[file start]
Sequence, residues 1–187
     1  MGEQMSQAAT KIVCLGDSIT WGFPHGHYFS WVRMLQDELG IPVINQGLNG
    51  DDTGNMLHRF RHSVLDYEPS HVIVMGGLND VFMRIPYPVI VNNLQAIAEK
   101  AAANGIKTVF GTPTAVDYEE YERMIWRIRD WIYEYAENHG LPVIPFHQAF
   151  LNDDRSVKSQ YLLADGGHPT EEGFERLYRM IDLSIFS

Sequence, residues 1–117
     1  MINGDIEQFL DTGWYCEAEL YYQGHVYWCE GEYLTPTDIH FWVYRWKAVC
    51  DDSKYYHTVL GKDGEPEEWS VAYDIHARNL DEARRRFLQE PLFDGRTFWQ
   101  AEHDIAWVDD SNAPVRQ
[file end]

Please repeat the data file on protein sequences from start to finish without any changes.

Sequence, residues 1–187
     1  MGEQMSQAAT KIVCLGDSIT WGFPHGHYFS WVRMLQDELG IPVINQGLNG
    51  DDTGNMLHRF RHSVLDYEPS HVIVMGGLND VFMRIPYPVI VNNLQAIAEK
   101  AAANGIKTVF GTPTAVDYEE YERMIWRIRD WIYEYAENHG LPVIPFHQAF
   151  LNDDRSVKSQ YLLADGGHPT EEGFERLYRM IDLSIFS

Sequence, residues 1–117
     1  MINGDIEQFL DTGWYCEAEL YYQGHVYWCE GEYLTPTDIH FWVYRWKAVC
    51  DDSKYYHTVL GKDGEPEEWS VAYDIHARNL DEARRRFLQE PLFDGRTFWQ
   101  AEHDIAWVDD SNAPVRQ